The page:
There are a lot of different physical parameters, which, if defined incorrectly, can affect the precision of the results. One of such parameters with a great impact on the results is the time step. In this article we will learn what a calculation time step is, how it can affect the results and how to define it.
What is a time step?
If put simply, the calculation time step is a period of time after which the electromagnetic and thermal calculation of the simulation is done. Because of this it is quite important to correctly define the time step size, so that the calculated results would be continuous and without jumps or unphysical increases in temperature and other parameters.
How to define the time step?
Time step is defined in the physical settings under the SIMULATION CONTROL.
There are two ways on the time step definition. It is possible to define a constant calculation time step or use the adaptive time step by checking the Use adaptive time step box.
If you use constant time step, then the time step size will not change over the whole calculation time.
If adaptive time step is used, its size will automatically change from how fast the parameters such as temperature are changing.
To understand which time step definition to choose, you need to evaluate the expected results and choose the one which will provide the best accuracy.
In case you have a static simulation, e.g. there is no movement, the temperature increase in the workpiece is usually the most rapid in the very beginning of the heating. Because of this we need to choose a time step size appropriate to resolute such fast heating.
Below are the graphs of temperature at a point on the workpiece surface from the same simulation calculated with adaptive time step and two diffrent constant time steps (0.1s and 1s).
As you can see, the temperature rises very quickly in the begining, and with a rougher time step, if the heating rate is projected to the next time step, it can be unrealistically high (1200 degC).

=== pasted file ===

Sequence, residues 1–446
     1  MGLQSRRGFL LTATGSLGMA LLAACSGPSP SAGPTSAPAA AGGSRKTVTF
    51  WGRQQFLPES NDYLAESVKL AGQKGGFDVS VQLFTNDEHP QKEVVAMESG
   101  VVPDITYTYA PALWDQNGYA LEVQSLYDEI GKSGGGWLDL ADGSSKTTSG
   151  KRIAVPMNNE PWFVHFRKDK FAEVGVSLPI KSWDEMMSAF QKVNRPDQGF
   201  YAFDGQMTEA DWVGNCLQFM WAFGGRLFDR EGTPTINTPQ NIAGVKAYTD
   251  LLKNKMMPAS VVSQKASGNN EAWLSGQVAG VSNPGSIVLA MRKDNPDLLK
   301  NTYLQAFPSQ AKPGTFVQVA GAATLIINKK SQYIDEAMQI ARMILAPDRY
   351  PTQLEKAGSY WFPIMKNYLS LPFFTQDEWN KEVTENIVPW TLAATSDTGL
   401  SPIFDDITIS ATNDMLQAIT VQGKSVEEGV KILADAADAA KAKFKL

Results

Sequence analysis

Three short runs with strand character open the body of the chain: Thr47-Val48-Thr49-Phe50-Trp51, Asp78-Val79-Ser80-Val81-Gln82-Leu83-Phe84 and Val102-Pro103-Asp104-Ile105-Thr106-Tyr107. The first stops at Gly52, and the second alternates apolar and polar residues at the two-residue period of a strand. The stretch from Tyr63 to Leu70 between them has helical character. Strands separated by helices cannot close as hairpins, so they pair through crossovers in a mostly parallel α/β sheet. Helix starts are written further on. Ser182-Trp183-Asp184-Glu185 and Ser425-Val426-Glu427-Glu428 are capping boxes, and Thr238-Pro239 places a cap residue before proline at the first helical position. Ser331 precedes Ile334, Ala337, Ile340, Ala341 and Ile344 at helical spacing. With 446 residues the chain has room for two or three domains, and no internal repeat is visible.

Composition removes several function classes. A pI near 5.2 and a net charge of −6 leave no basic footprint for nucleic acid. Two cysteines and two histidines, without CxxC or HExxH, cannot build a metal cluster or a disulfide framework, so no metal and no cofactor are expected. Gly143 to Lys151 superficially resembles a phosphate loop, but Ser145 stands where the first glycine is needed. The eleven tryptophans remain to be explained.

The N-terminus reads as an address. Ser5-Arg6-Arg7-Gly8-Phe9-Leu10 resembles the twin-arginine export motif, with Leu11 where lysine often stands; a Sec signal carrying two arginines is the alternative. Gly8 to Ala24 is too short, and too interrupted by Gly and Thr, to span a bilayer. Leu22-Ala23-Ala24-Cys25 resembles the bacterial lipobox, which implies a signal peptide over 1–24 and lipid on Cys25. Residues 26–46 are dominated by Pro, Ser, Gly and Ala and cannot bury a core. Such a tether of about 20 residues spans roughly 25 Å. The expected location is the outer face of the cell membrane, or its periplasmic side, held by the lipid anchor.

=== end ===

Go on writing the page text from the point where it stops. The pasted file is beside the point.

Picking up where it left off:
IMPORTANT: The end temperature ir roughly similar with finer and smaller time step. However these jumps created by the rougher time step can affect the hardened profile calculation.
As you can see, even with the 0.1s time step, there is still a small jump in the temperature during the first time step. The adaptive time step resolves initial part much better, and increases the time step size further on. With adaptive there were 38 time steps, as opposed to 50 with the 0.1s time step, which means that with the adaptive step size the calculation time for this case was also lower.
If you want to resolve the initial heating better, but don't want to use Adaptive time step (to keep the control over how many time steps will be calculated), you can define the time step size in a table and make the step size smaller in the very beginning of the heating, and then increase it to save calculation time.
If your system is not static, e.g. a translation movement is present, the time step can affect the results even more.
In a scanning simulation time step size directly affects the movement of the inductor. If the time step is too rough, inductor will "jump" from one position to another (as seen in the GIF below), making the thermal patter inconsistent and unphysical.
Because of this reason the time step should be chosen so to create a smooth movement (1 s in the example), and not to create sudden jumps in the position of it (15 s in the example).
For simple, circular-profile one-winding inductors, the neccessary time step size can be determined by considering the distance from the surface of the part to the inductor (d), as well as the distance inductor travels in one time step (Δl).
If the ratio between these two values (d and Δl) is equal or less than 1, the time step size will be enough for accurate result resolution. Below you can find a table with different d, time step size (Δt), Δl and their corresponding ratio.